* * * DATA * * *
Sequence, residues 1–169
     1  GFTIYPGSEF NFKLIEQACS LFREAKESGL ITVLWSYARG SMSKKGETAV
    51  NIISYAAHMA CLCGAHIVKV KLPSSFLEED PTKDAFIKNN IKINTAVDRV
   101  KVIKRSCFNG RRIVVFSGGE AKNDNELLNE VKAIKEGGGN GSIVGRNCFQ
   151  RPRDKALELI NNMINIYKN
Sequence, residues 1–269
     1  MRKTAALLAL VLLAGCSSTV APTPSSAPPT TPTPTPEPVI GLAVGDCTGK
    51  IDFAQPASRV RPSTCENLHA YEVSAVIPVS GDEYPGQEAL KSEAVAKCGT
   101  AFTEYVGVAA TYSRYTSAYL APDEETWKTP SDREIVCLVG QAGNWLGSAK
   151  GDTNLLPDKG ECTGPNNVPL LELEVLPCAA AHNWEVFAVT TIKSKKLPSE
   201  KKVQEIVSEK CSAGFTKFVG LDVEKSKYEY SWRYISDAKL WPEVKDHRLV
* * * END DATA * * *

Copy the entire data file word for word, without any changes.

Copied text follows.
Sequence, residues 1–169
     1  GFTIYPGSEF NFKLIEQACS LFREAKESGL ITVLWSYARG SMSKKGETAV
    51  NIISYAAHMA CLCGAHIVKV KLPSSFLEED PTKDAFIKNN IKINTAVDRV
   101  KVIKRSCFNG RRIVVFSGGE AKNDNELLNE VKAIKEGGGN GSIVGRNCFQ
   151  RPRDKALELI NNMINIYKN
Sequence, residues 1–269
     1  MRKTAALLAL VLLAGCSSTV APTPSSAPPT TPTPTPEPVI GLAVGDCTGK
    51  IDFAQPASRV RPSTCENLHA YEVSAVIPVS GDEYPGQEAL KSEAVAKCGT
   101  AFTEYVGVAA TYSRYTSAYL APDEETWKTP SDREIVCLVG QAGNWLGSAK
   151  GDTNLLPDKG ECTGPNNVPL LELEVLPCAA AHNWEVFAVT TIKSKKLPSE
   201  KKVQEIVSEK CSAGFTKFVG LDVEKSKYEY SWRYISDAKL WPEVKDHRLV